It was a morning around here.
We were out of milk. I could hear frustrations from the littles and their cereal-loving little bellies.
It was cold. Frustration at having to roll out of bed.
It snowed! But only enough to make the roads slippery and not enough to not go to school. Frustration.
I sent a boy out to start the truck. He got sidetracked. Frustration.
Someone spilled hot chocolate on the couch. Frustration.
We drove to school in near silence. All of us stewing over the various things that annoyed us that morning. None of us laughing or singing along to the radio. Instead we were sulking. Tallying up the injustices of the morning. Blaming everyone else for how it all went down.
It didn’t take long for me to realize this was what was going on and that I was one of the biggest players. My annoyed voice had come out repeatedly and instead of hugging my munchkins that morning I flitted about like a queen wondering where my tiara was and why nobody was catering to me!
So what caused all of our frustration that morning? Sure, it was various things for each of us, but truthfully it all came down to one thing — unmet expectations.
See, the boys expected there to be milk in the fridge in the morning and when there wasn’t it brought out the frustration.
We all expected someone else to get up and turn on the heat in the morning so that we could roll out of bed once it was warm, but nobody did.
The hope of a snow day when they looked on the front lawn took over and when I announced that there most definitely WAS school, their expectation of frolicking all day was stolen and they were left angry.
When I spoke that the truck needed to be started, I expected that it would happen and when it didn’t, well, my expectations were dashed and I was mad.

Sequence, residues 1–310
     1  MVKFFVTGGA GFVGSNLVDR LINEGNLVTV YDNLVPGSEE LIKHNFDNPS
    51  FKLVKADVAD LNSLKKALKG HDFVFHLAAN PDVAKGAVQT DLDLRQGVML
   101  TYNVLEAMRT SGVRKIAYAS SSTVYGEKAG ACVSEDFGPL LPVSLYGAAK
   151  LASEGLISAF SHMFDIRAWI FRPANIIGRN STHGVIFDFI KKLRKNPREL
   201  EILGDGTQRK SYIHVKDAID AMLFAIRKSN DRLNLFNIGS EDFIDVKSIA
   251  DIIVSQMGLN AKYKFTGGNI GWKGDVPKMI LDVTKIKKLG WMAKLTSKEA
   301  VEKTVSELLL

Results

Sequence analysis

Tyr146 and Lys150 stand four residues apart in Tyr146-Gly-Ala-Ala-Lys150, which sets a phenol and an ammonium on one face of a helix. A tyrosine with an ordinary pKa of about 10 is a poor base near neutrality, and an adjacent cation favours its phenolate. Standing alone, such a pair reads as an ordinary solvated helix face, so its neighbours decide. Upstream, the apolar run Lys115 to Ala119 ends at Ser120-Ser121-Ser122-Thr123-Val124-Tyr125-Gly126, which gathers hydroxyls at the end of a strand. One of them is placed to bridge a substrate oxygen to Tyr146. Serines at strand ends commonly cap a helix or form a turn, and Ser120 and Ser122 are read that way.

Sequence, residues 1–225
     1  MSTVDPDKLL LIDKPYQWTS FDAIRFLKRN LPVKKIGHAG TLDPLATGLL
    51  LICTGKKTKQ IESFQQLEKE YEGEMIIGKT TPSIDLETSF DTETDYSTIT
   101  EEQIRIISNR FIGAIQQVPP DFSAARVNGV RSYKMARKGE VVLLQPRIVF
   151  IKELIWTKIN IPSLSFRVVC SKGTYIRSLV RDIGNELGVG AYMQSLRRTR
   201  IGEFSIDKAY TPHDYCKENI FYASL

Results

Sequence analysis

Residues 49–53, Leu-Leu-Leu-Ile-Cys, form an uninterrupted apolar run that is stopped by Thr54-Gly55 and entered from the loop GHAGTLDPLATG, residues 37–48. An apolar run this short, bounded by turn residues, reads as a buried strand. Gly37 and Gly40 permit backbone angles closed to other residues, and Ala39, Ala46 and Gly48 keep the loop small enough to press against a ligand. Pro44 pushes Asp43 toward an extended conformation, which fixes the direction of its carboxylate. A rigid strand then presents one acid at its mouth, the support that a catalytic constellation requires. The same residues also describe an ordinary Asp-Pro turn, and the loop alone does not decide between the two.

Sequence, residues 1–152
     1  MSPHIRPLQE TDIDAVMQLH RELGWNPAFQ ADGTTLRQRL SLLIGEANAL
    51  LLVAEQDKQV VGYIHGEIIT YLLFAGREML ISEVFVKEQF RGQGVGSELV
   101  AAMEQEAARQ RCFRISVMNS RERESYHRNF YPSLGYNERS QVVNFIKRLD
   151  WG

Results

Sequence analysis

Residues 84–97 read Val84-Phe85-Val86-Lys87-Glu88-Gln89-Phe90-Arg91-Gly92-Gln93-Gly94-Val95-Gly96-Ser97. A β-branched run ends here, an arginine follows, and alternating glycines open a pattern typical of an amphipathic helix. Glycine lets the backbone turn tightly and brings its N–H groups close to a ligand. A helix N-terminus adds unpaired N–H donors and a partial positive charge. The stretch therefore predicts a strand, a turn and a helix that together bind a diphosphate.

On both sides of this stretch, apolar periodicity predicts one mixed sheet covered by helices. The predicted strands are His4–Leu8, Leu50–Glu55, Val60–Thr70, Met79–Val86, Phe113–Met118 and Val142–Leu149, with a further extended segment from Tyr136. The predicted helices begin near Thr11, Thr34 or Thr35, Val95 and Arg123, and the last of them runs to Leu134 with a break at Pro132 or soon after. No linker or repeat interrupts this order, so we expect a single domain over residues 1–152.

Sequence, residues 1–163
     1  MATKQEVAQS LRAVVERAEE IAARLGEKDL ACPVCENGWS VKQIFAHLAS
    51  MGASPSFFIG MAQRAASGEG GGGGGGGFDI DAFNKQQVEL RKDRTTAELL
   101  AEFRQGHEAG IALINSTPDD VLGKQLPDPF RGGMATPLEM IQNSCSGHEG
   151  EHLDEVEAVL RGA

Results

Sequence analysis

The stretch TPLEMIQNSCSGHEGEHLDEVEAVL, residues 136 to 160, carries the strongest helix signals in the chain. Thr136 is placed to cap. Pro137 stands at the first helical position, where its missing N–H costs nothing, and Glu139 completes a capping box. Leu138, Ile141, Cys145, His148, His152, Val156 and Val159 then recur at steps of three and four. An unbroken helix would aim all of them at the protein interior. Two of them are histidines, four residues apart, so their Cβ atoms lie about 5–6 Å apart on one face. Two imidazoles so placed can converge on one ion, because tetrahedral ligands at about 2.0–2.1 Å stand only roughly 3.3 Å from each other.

The thing about expectations is that we all have them. We have them of ourselves, we have them of our families and we have them of others. We even have them of people who have no idea we have them of them. And other people have them of us and we may or may not be in touch with the fact that they do!
But here’s the thing — people will let us down. Our families won’t always perform just the way we want them to. Our friends won’t always be there for us and humanity in general is going to drop the ball on the ways we’ve conjured up in our minds that they should perform.
But so will I. I will let you down. I will not meet your expectation. I mean, sometimes I don’t even meet my expectations of myself!
And when we have this picture of what should happen and it doesn’t. Well, it doesn’t go well. Our ideas get shattered, our notions dashed and our very picture of life gets crumpled up into a giant heap of “not what I want.”
So we pout. We sulk. We wage war against those who didn’t do what we wanted them to.
It’s easy to assume we should simply lower our expectations of those around us to compensate for this little problem within humanity, but I don’t think that’s the right way to go. Lowering our expectations doesn’t release anyone, it just changes it.
I think instead we need to see all as a gift. Each morsel of our day the prettiest package. Each moment in time complete with ribbons and bows. Shiny. Glittering.
Because if we opened our fridge each day and thanked God for the milk that was in there we wouldn’t be near as grouchy when it wasn’t. Gifts aren’t a requirement, they’re a bonus. So if we see milk in the fridge as a bonus then we’ll rejoice when it’s there. We’ll high five and fist pump the full milk jug and if it happens to not be there one morning… well, then we’ll maybe find some bread and some peanut butter and we’ll smile and nod and mutter, “oh yeaaah,” under our breath because the bread and peanut butter is the gift for today.